💡 Solution: Burn off energy during the day, encourage outdoor play, physical activities, and structured exercise.
4. Early rising
🛏 Early to bed, early to rise: An early bedtime can lead to an equally early wake-up.
💡 Solution: Gradually shift bedtime later, move bedtime back by 15-minute increments until you reach your desired wake-up time.
⏰ Inconsistent wake-up time: Weekends throwing off the weekday routine can disrupt their internal clock.
💡 Solution: Maintain a consistent wake-up time; even on weekends, try to wake them up at the same time as weekdays.
🌅 Sunlight exposure in the morning: Bright light can trigger early waking.
💡 Solution: Block out the morning light. Blackout curtains or sleep shades can help them sleep longer.
🍭Hunger or thirst: Waking up early due to an empty stomach or needing a drink.
💡 Solution: Offer a small snack or drink: Address hunger or thirst before it wakes them up.
5. Nap issues
😪 Teething or discomfort: Painful gums or a full bladder can disrupt naptime.
💡 Solution: Create a calming pre-nap routine: Similar to bedtime
🧒 Developmental changes: Some toddlers naturally transition from two to one nap around 18 months.
💡 Solution: In this case, it is to be patient and accept the changes around naps.
⏰ Inconsistent nap schedule: Naps that are too long, too late, or irregular can disrupt nighttime sleep.
💡 Solution: Establish a consistent nap schedule Ideally, one or two naps (depending on age) at specific times.
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How much sleep does a toddler need?
Navigating the ways of infant and toddler sleep issues can sometimes feel like cracking a secret code. One of the critical pieces of this puzzle is understanding their unique sleep needs. How much sleep does a toddler need?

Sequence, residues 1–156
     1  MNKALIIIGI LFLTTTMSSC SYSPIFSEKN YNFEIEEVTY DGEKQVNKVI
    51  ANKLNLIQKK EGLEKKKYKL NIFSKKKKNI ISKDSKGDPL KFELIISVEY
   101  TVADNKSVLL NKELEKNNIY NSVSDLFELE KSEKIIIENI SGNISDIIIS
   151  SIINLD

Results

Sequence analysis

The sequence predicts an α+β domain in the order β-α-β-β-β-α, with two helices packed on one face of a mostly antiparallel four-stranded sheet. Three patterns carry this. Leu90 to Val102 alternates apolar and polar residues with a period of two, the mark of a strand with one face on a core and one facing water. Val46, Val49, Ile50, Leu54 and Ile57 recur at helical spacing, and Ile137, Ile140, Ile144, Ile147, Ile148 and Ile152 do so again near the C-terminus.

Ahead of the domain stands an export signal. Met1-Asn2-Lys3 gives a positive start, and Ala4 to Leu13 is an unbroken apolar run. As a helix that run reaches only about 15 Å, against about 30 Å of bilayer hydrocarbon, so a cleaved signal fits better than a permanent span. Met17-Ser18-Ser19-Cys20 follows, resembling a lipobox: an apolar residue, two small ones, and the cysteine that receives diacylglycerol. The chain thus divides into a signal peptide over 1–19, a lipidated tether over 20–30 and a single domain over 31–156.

Friendly reminder💫: Each child is a unique navigator on his or her sleep journey. Pay close attention to their cues, such as moodiness or difficulty waking up, and adjust their sleep schedule accordingly.
Expert baby- tip 👨⚕️: According to Kids Health, most children between the ages of 2 and 3 typically sleep 12-13 hours daily, including 1-2 hour daytime naps.
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When to consult a doctor about your child's sleep?
While implementing the helpful tips we've explored can go a long way toward smoother navigation in infant sleep, there are times when seeking professional guidance is recommended. Here are some indicators that consulting a physician about your child's poor sleep habits can be beneficial:
Persistent sleep problems:
- Frequent nighttime awakenings.
- Bedtime resistance for more than two weeks.
- Early rising (before 5:00 AM).
- Significantly shorter sleep duration
- Excessive daytime sleepiness
- Poor mood despite getting enough sleep at night.
- Snoring or noisy breathing during sleep.
- Gasping or unusual pauses in breathing during sleep.
- Nightmares or night terrors that cause significant distress.
- Excessive sweating or bedwetting during sleep.
- Headaches or stomachaches are associated with sleep difficulties.
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- Nemours KidsHealth. (n.d.). Sleep and Your 1- to 2-Year-Old. Retrieved from https://kidshealth.org/en/parents/sleep12yr.html
- American Academy of Pediatrics: https://www.healthychildren.org/English/healthy-living/sleep/Pages/default.aspx
- National Sleep Foundation: https://www.sleepfoundation.org/sleep-habits
- Mayo Clinic: https://www.mayoclinichealthsystem.org/hometown-health/speaking-of-health/is-your-child-getting-enough-sleep
- Sleep Foundation an article of Sleep Disorders in Children https://www.sleepfoundation.org/children-and-sleep/sleep-disorders-in-children